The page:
King Philip Class of 2012 Graduates, Reflects On Four Years
The 321 seniors of King Philip High School received their diplomas and graduated.
On a Sundat when the weather was suppose to be dreadful, the sun found a way to shine as the 321 members of the King Philip High School Class of 2012 walked on to the football field to “Pomp and Circumstance” for this year’s graduation exercises.
Things were emotional early in the ceremony when class president Ian Pimental gave flowers to his fellow class officers on stage and praised his classmates for their success.
“I could not be more proud of this class for all of our amazing achievements,” Pimental said. “We boast a record number of future college athletes, several impressive Ivy League acceptances, a nationally recognized marching band and DECA program, softball and swimming state championships, a talented job program, and a list of brave students set for the military.”
Pimental reminded the crowd of the days where students would in frustration ask why their class had to be so smart, making higher class rankings more difficult to obtain. As Pimental said, “we took advantage of what we were given.”
Giving the salutatory address, Zachary Sogard’s speech strayed away from the typical advice and metaphors and instead left his classmates with a simple message while criticizing the pressure to conform in a high school environment.
“Don’t be normal. You need to break away from such ideas. Instead you have to realize that being normal is not being yourself. Being normal is boring. Being normal is average,” Sogard told the crowd.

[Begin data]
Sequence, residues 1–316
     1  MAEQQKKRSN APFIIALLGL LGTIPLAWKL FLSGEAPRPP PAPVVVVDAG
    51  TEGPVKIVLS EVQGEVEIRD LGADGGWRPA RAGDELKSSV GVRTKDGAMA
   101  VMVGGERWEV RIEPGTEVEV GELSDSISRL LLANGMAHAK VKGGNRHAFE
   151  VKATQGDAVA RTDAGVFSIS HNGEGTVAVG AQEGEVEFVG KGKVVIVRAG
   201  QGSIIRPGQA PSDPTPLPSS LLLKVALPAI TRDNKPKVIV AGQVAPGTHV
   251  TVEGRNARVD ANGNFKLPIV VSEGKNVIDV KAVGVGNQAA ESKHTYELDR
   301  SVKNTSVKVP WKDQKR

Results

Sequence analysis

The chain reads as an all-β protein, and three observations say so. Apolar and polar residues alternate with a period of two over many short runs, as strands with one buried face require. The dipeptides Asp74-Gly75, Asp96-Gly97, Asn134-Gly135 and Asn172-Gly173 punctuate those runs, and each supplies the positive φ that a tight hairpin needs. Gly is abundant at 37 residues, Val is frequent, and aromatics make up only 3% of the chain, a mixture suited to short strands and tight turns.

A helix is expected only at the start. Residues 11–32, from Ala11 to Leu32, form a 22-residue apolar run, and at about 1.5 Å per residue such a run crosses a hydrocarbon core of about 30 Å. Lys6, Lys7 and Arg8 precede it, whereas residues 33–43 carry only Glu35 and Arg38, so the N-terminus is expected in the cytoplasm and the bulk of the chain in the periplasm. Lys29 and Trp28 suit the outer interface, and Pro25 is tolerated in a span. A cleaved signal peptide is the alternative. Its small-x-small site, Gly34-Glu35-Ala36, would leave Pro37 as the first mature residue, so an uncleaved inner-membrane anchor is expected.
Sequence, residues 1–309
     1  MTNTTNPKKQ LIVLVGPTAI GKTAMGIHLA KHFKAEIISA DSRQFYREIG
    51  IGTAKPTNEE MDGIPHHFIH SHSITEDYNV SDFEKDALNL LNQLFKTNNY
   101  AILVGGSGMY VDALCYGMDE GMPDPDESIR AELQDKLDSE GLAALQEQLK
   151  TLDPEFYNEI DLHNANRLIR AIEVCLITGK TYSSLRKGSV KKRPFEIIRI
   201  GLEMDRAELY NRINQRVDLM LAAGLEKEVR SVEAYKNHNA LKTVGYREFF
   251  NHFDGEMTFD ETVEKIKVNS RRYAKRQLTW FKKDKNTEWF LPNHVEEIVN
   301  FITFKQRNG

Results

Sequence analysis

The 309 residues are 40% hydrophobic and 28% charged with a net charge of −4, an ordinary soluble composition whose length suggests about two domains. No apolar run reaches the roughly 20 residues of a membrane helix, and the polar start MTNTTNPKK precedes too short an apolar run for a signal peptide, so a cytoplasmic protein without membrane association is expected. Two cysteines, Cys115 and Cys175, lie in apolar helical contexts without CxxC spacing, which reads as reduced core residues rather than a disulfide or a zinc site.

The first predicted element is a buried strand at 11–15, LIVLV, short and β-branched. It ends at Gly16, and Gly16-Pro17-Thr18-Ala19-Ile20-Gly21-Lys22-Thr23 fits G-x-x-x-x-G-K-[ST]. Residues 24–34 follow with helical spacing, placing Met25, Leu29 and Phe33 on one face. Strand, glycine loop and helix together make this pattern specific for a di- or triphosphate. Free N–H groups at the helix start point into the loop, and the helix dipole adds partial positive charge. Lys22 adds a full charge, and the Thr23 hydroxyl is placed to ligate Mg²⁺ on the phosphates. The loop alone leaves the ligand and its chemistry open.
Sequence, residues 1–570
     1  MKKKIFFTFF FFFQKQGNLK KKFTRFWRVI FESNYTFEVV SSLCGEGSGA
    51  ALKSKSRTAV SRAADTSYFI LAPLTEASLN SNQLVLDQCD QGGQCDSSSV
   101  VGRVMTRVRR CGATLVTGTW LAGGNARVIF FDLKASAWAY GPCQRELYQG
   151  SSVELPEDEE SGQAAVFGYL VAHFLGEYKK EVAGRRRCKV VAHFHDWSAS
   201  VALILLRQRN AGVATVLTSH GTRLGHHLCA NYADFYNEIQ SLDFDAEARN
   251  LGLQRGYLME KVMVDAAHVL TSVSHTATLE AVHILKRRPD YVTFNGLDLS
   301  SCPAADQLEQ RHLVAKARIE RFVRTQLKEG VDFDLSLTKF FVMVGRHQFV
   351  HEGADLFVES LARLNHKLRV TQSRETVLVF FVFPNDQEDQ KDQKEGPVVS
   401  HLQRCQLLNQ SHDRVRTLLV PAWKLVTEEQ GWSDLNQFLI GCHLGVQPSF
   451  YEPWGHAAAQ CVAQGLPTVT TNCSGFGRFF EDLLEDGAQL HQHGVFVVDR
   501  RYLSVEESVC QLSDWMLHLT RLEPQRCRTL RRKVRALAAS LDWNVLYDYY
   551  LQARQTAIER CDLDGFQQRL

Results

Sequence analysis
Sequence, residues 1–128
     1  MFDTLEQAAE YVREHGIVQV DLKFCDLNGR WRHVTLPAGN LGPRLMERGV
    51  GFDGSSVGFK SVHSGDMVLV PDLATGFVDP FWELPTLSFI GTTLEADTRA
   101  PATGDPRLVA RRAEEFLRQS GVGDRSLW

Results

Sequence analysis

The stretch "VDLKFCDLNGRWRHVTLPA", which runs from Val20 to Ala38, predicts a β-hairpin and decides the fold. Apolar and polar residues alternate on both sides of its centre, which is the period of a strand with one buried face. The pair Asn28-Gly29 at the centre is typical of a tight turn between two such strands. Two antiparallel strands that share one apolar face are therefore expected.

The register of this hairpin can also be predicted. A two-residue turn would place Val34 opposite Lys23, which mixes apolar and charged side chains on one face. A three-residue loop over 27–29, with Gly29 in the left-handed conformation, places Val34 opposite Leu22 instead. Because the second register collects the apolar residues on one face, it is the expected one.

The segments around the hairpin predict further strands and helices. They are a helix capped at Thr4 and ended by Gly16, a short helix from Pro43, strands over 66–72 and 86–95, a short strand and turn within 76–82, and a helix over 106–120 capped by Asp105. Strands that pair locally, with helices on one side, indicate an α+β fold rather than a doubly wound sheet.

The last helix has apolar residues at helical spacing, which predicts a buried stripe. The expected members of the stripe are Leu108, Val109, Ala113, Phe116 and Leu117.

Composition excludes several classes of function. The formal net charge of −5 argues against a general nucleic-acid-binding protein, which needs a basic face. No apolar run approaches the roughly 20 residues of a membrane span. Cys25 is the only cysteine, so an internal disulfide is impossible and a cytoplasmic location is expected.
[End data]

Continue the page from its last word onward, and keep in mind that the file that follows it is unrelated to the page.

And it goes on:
To back up his words, Sogard also read a quote from 1980 US Men’s Olympic hockey team coach Herb Brooks.
“You can’t be common. The common man goes nowhere. You have to be uncommon,” Sogard said reciting Brooks’ words.
Harvard-bound Alyssa Siegmann gave a valedictory address that reminded her peers to enjoy the successes in life, but don’t forget what led to that success.
“It’s not always about the end result. Society has trained us to focus on obtaining certain goals and neglecting the actual journey it takes to get there,” Siegmann said. “We should remember to celebrate everything it took to get to this point, the people we have become along the way, and the special relationships we have made.”
Referred to as someone who always gives and never takes by Principal Robert Wargo, Cecelia Plaehn was awarded the KP Cup. The award is voted on by the senior class by secret ballot and is given out yearly to the student that represents what it means to be a KP student.
Principal Wargo asked out loud what the class of 2012 has given the community and their school.
“You have given us headaches. You have given us the necessary amount of stress to cause dark hair to go grey,” joked Wargo.
The graduates, according to Wargo also brought the community a basketball team to rally behind, state titles in multiple sports, and art pieces that left some wondering what museum wall they will hang on. They gave a desire to learn and better themselves.
“You have challenged us with intellectual curiosity, with questions that demanded answers,” Wargo said.
As school committee chairperson Pat Francomano spoke, he left the graduates with a simple message. Already proud of the beneficiaries of a public education, Francomano asked for the class of 2012 to make the community proud again.
“Continue to make us proud. Don’t hesitate to reach out for our help and continue to be kind to one another,” Francomano said.